21. I would not approve of intentional lags in the user interface, unless there was a functional reason. Right now I can't remember a reason why such a lag would have been "built in". Thanks for the feedback. May I ask about your hardware, specifically the graphics card model and driver version?
  22. Loading times depend on the amount of data that need to be loaded from disk, and the processing time for the data once that they are in memory. While I think that some progress can be made I would want to caution against too high expectations. In many areas we already have a high degree of optimization; after all, the programmers too want minimal loading times since they are the ones to start Steel Beasts and scenarios several dozen times per day for test runs, so they are the ones who are directly affected by loading times more than anyone else. They like to wait as much as any other guy (=not at all), so they already do what's possible to minimize this. Looking at the Task Manager's performance graphs when starting Steel Beasts up until the beginning of the execution phase of some randome scenario, this is what I'm seeing: While I have SATA SSDs in my machine the transfer rate usually stays in the 30MByte/sec time when it could be ten times faster, simply because the data need to be processed. We're already organizing the gazillion of small texture and sound files into large MRF chunks to profit from the (usually higher) serial (read) data transfer rate and not waste time with seek accesses. Where we can parallelize tasks (as you can see from the CPU load), we do. We could squeeze a few seconds by forcing you to embed navmesh data in the scenario files again, but that creates a pain later if the way how the navmeshes are built is being refined, so old scenarios need to throw away those navmeshes and generate new ones (we've seen this with the 3.0 style navmeshes). Navmeshes can in some cases become rather large (a hundred gigabytes or more, per scenario), so given enough scenario files you would run into disk space issues; generating them on the fly typically costs well below a minute in bad cases - which we considered "tolerable" and a reasonable tradeoff between disk space usage, convenience of use, and loading times (also, embedded navmesh files would make the scenario file transfer from host to multiple clients unbearably long). There are other tricks to speed up the perceived UI responsiveness but from the fact that we haven't implemented them yet you can deduct that they are the kind of optimizations that are difficult to implement, and they aren't really reducing data loading times. So, some improvements can be expected, but it's not going to be a "night and day" kind of a difference.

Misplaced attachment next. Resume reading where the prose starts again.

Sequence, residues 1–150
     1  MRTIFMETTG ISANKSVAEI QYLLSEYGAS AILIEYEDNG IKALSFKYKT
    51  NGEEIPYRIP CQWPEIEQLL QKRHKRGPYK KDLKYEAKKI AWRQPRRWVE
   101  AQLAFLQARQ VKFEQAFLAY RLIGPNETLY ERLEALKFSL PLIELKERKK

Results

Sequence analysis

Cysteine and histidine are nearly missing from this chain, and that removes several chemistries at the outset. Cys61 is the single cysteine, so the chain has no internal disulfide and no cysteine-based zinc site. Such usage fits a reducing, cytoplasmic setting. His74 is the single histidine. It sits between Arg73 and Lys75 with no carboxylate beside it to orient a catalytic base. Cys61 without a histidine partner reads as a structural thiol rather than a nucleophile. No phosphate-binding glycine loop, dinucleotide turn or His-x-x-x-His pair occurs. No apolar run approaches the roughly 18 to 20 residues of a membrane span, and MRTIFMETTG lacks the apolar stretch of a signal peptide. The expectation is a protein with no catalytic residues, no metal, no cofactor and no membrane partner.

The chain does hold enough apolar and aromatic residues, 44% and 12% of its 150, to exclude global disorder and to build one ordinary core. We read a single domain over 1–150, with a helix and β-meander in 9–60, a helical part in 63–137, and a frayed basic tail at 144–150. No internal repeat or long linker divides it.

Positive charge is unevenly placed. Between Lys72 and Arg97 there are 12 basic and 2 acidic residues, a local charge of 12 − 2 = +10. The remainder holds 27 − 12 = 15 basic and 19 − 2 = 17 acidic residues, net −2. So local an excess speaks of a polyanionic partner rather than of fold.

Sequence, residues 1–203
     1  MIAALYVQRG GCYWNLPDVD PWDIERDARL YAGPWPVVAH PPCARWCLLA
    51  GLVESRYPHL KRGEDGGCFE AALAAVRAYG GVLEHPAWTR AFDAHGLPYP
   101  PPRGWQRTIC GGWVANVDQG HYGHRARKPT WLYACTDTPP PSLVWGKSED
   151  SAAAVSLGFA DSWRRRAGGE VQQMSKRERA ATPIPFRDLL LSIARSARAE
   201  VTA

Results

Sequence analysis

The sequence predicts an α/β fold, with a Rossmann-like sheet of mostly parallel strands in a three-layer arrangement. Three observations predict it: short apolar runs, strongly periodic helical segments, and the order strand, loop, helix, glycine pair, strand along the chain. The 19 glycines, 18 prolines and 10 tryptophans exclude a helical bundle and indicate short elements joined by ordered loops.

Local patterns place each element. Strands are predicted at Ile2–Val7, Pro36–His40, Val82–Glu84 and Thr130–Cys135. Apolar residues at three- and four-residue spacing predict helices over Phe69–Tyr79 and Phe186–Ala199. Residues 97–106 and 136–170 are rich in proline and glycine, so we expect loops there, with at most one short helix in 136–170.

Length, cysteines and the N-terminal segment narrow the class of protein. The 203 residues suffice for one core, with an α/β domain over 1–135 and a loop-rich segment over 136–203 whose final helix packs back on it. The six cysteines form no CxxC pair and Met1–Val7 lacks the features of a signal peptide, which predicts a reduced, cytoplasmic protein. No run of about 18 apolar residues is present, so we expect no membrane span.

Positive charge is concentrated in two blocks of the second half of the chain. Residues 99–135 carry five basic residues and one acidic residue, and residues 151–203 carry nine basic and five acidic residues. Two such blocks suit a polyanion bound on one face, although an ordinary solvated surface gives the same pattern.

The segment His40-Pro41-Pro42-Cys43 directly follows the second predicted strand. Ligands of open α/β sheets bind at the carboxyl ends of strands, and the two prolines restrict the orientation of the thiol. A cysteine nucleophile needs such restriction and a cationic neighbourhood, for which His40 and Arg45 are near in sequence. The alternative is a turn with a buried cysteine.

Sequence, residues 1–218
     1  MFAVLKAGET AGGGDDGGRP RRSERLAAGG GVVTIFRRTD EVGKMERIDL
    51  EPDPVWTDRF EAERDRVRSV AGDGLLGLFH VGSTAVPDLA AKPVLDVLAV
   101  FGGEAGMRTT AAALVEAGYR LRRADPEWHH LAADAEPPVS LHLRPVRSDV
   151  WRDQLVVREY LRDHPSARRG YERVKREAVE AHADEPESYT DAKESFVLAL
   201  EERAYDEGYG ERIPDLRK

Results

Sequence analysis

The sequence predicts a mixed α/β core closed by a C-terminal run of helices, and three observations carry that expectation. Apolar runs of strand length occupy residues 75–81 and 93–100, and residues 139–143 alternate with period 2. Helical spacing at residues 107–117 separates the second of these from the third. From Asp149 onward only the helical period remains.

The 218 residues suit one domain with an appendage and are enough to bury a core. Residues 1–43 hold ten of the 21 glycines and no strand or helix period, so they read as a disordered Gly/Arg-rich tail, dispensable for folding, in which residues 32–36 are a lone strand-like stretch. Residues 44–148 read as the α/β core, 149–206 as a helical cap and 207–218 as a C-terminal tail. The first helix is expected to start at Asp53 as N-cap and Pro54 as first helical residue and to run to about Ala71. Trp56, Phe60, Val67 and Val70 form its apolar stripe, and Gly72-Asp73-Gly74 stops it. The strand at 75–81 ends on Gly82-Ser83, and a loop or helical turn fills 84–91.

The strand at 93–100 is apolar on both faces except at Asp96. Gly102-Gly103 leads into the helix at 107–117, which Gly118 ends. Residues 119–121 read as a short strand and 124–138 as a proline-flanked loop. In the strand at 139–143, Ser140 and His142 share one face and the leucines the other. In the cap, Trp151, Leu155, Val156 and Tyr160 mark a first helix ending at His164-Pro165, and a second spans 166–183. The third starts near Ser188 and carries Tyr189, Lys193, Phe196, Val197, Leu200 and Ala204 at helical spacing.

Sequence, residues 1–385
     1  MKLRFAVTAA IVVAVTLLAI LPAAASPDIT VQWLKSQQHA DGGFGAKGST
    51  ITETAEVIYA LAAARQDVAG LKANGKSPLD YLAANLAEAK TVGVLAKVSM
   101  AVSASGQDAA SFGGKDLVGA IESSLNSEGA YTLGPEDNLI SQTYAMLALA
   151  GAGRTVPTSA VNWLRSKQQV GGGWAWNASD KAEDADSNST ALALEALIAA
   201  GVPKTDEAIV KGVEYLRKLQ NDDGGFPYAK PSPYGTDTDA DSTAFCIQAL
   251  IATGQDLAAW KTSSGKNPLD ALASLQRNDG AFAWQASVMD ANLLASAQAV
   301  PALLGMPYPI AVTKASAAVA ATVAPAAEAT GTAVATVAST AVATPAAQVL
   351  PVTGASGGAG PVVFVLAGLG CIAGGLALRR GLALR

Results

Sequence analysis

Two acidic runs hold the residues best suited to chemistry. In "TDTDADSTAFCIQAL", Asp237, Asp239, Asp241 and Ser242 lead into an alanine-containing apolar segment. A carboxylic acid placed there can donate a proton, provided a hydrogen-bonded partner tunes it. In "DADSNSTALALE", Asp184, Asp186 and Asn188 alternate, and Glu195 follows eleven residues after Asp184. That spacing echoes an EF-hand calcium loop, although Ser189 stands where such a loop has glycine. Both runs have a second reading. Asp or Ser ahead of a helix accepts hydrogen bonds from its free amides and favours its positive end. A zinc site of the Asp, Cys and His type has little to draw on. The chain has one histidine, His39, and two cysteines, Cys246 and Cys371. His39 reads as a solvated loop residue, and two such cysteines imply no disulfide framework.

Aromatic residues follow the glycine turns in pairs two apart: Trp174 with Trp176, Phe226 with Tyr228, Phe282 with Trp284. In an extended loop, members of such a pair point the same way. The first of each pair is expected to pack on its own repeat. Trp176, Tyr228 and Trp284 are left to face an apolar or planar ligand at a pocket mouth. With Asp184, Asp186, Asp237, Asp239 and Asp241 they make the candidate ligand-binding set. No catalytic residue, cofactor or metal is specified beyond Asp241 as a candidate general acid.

23. Well, my interest ends at about the point where the first propellant case goes off inside the crew compartment. Whether a fast or slow chain reaction follows, who knows. Maybe it is as you say. Maybe it depends on additional factors, e.g. if multiple cases are ignited (near) simultaneously. In the Leopard 2's hull bunker each round is surrounded by an aluminum tube which arguably fulfills the same role as an individual round's brass shell casing. The exposed parts are the projectile heads themselves and the aft caps. From the photos of Turkish Leopards in Syria we can see that this is no absolute protection; if there's a direct hit that might ignite multiple rounds simultaneously, clearly the gas pressure build-up is so rapid that the turret gets lifted from the hull; in fact, some hulls ripped apart at the welding seams, so it's obvious that it can be a very violent event. From the cases where M1 ammo bunkers were hit and we saw the cover plates flying, my take is that even if you have 17 rounds in close proximity an explosion is not guaranteed, but a 30...40 second long intense fire can just as well happen. So, examples of similar events that show different behavior. The conclusion for us is: It's a random selection of what kind of effect we show. Maybe we can reduce the chances of spectacular effects if there is little ammo left in a future version; if it's something that need to be done on a per-vehicle basis (something that we still need to find out) this may take a good while before it happens. It's certainly not a top priority thing, to be honest. Our top priority is the development of a new software architecture to make Steel Beasts more efficient, so we can achieve high framerates even witrh mediocre PC hardware. Yes, I can get now consistently 55+ fps in our 4.0-turned-4.1 benchmark scenario with a new notebook, but that requires an absurd investment in top of the line hardware (RTX 2070, i-7 9700K, 32 GByte RAM). We squeezed out of the old engine what's possible with version 4.1, and while it's good progress over 4.0 I still can't say that I'm entirely satisfied. I want everybody to be able to experience solid 60 fps even in big scenarios. That appears doable I'm told, but it will absorb a fair bit of attention from our team to pull it off.